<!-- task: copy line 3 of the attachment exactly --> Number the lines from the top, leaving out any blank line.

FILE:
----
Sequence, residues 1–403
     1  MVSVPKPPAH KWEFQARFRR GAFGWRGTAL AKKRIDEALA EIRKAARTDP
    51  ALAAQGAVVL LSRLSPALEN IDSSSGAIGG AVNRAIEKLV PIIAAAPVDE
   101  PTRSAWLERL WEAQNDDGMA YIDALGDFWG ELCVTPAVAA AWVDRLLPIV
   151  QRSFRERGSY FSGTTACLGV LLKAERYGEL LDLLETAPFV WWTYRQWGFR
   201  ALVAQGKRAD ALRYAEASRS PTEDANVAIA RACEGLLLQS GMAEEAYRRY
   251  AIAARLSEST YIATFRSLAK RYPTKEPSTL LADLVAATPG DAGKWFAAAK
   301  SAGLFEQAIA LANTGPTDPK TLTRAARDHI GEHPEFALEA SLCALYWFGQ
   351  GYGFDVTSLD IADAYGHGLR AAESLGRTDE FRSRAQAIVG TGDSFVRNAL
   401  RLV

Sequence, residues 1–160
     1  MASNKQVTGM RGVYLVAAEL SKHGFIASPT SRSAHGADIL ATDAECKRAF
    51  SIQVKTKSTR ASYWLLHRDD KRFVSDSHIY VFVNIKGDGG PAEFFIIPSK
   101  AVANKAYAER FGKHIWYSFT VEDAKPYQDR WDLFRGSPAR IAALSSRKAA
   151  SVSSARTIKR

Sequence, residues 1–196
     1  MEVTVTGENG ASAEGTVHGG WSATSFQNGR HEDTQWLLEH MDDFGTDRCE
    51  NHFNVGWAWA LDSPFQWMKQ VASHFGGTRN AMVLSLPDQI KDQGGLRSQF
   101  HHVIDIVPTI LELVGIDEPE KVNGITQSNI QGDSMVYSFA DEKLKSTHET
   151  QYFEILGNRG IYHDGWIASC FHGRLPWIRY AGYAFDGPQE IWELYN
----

    51  ALAAQGAVVL LSRLSPALEN IDSSSGAIGG AVNRAIEKLV PIIAAAPVDE